Wednesday, February 5, 2014

February 5th Challenge

Hi, it’s Christina –

Well, my not so subtle suggestion to my relatives to show some of their legendary southern hospitality went unanswered, so I guess I’m stuck in NJ for the duration. We only got about two inches of snow this time, however it’s covered with another inch of ice and the sleet and freezing rain are still coming down. There are icicles hanging off of everything outside.

Because of the snow and subsequent school closing on Tuesday, our kids lost Presidents’ Day as a holiday, and now with school closed again today, they are losing the Monday before Easter. That leaves only 3 days left in the school calendar to play with (Tu – Th before Easter), and we are supposed to get a major storm this weekend – I’m talking 30” – 36”. If that happens, there is no way we would be able to get plowed out by Monday morning for school.

Project graduation is a big deal in our town. All the graduating seniors are bussed to Dave & Buster’s for an all-night party. This event is planned and paid for WAY in advance, so graduation date is set in stone. Since we only have three days left to play with, AND we are only in the beginning of February, AND this has been the worst winter in memory, we may very well be having school on Saturdays to make up for the missed time.

What a disaster! I know I said it before, and I promise to hop up on my soap box for only a moment, but what ding-dong approved only one snow day in the school calendar? Work in the customary three days, and if we don’t need them, give the kids a long Memorial Day weekend. Sorry, but doesn’t that seem infinitely more logical?

Not that we do this, but many families have vacation planned for spring break - plane tickets, hotel reservations, everything – and now all their plans are getting messed up. Yes, the school doesn’t want to pay the extra money to have Project Graduation moved, but I’m sure all these other families are not appreciating having to pay more or cancel their vacation plans – especially if they don’t have a graduating senior. Sorry, I forgot, common sense flies out the window when you enter any elected position. Okay, I’m done.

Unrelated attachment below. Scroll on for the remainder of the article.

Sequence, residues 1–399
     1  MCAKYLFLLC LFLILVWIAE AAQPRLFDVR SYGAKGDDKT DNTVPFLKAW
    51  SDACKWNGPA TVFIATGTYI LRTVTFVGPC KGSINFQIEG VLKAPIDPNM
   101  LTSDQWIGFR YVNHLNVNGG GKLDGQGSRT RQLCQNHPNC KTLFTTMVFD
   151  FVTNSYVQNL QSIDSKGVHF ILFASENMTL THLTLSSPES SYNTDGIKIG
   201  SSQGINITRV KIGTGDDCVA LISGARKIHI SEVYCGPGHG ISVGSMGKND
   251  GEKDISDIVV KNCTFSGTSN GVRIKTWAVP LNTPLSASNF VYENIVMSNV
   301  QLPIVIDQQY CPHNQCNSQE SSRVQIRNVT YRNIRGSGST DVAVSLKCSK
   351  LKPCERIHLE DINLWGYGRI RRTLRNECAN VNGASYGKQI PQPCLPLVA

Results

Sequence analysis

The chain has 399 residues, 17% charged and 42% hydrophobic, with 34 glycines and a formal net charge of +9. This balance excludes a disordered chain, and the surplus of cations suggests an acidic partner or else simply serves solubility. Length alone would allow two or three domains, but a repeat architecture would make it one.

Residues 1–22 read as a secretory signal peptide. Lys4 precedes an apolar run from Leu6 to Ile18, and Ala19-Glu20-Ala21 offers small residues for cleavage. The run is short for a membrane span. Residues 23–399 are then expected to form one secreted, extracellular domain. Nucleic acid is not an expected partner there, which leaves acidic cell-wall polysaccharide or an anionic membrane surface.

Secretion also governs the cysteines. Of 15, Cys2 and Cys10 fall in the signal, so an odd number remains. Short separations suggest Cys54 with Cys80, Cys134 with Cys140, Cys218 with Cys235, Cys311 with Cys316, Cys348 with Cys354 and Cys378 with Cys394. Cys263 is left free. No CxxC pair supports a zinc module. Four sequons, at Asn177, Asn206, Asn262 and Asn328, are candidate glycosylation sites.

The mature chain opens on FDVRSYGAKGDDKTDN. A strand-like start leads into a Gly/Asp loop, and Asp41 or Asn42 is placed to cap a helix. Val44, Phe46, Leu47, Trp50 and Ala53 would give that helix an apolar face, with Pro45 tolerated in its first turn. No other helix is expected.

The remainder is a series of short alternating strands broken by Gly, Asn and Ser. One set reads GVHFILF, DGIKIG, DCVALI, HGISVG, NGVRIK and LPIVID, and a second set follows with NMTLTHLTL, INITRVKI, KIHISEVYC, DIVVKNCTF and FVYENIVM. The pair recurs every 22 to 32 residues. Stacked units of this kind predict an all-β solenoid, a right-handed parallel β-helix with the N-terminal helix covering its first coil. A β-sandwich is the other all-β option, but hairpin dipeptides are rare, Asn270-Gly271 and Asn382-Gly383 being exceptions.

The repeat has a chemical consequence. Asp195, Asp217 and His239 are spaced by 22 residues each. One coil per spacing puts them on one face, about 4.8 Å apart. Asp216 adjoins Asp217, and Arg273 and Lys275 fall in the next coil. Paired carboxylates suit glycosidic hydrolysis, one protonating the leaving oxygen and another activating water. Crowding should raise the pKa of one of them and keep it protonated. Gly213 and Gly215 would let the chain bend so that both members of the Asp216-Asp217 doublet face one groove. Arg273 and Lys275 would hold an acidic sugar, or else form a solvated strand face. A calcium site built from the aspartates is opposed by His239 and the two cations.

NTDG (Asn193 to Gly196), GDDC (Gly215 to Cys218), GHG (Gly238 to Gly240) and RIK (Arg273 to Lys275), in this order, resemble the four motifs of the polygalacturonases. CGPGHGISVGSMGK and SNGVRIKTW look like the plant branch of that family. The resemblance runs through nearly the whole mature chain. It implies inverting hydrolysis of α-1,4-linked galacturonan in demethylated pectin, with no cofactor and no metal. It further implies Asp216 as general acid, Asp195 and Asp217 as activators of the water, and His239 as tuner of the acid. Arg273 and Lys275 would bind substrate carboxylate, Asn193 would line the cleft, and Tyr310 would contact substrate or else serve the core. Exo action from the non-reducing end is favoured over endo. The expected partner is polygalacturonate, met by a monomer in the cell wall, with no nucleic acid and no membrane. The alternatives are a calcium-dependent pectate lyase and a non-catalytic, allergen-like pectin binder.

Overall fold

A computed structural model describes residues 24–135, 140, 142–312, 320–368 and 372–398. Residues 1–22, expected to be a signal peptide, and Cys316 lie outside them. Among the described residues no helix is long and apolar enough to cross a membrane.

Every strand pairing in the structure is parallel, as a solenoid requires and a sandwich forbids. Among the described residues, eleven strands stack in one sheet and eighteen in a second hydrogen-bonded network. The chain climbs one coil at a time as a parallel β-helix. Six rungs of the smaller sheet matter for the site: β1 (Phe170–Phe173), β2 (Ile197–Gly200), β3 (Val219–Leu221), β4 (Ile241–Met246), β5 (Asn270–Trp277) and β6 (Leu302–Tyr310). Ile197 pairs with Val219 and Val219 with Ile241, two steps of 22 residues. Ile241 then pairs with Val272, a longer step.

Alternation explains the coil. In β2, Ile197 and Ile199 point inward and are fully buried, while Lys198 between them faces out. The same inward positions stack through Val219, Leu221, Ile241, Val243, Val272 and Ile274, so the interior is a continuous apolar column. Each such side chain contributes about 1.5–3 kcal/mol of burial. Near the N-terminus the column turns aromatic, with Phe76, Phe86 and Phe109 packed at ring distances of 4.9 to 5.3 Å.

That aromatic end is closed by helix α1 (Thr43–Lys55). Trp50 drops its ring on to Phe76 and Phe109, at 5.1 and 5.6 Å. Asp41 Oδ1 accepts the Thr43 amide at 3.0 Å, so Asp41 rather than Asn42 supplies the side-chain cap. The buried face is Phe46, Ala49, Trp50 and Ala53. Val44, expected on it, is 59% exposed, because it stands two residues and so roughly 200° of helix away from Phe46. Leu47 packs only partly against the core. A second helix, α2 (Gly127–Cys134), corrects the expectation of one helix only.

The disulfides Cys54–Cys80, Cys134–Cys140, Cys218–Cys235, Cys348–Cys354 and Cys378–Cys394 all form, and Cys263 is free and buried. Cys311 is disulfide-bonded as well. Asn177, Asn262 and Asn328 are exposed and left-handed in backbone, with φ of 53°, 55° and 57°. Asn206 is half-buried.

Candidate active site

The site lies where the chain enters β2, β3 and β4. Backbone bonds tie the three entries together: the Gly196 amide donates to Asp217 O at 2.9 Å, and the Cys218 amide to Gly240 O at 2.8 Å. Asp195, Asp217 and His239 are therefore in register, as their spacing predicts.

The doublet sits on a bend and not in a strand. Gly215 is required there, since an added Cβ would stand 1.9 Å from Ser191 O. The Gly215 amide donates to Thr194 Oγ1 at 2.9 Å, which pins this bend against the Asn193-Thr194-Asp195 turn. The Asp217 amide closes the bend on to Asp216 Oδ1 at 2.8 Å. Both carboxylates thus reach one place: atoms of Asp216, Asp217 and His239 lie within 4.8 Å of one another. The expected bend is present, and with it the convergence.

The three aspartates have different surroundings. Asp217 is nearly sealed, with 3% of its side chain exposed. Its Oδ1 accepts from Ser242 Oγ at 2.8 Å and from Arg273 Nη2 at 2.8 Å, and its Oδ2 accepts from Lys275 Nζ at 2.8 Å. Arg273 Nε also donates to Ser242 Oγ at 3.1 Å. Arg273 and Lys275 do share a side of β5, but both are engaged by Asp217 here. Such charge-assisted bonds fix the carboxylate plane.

Even though I’m watching the snow plows get into accidents in our intersection, my husband’s boss sent him a text saying the roads were fine and he expects to see him by nine. (I won’t even go there, because it won’t be pretty if I do.) So, I need to scat so I can make him breakfast and lunch. If you’re in our area and you don’t need to go out today, don’t; but if you do, please be careful. I don’t care what my husband’s boss said, the roads are a mess and very dangerous. 

I know I’ve ended the blog several times with these exact same words, but with the weather we’ve been having, I feel they are the most appropriate. I hope you all have a warm and safe day, and happy writing!

Your Last Challenge was:

Write a story containing the following three elements: A cold night, a candle, tears

Cassie sat curled up in the window seat and stared out at the cold, dreary night. The only light in the room came from the fire she had built for warmth and the flicker of a single candle. The power had been out for several hours already, and if the storm raging outside was any indication, it would be several more before it is restored.

She glanced at her siblings on the make-shift beds she made for them in front of the fireplace. Luckily she had been able to finish dinner preparation before they had lost power, so they were fed, tired out from a rowdy game of SORRY, were warm, and now soundly asleep.

Her mother, an emergency room nurse, had warned Cassie that morning, with the impending storm, she would more than likely have to stay at the hospital overnight; but her father should make it home at a reasonable hour, so she should not worry. However, it was almost midnight, and there was still no sign of her father. The phone lines had gone down with the power, and cell service in her mountain home was spotty even on a good day; so she had had no contact with her father since late afternoon when he had called to tell her he was leaving work.

His commute from the city usually took him two hours, so Cassie had figured, even with the storm, he should have been home no later than seven. Seven, the same time the power had gone out. She had not let her younger siblings know how worried she was, but now, alone in the dark with nothing to distract her, crazy, horrible thoughts bombarded her mind. What if there was an accident? What if it was dad’s car that took down the pole and caused the power and phones to go out? Was he in the emergency room now with mom caring for him? Was he lying in the road dead or hurt, alone, scared?

She swiped at the tear that trickled down her cheek.

Ran out of time, but I was going to have Cassie’s dad come walking up the driveway. A truck had taken out the power lines and the road had been blocked, so he abandoned his car and walked the rest of the way home, through the snow, so he could be with his children.

Your Next Challenge is:

The eyes of the world are upon you…

You have 10 minutes (be honest). There is no right or wrong, just write. Spelling and punctuation don’t count and NO ONE is allowed to criticize what someone else has written. Go.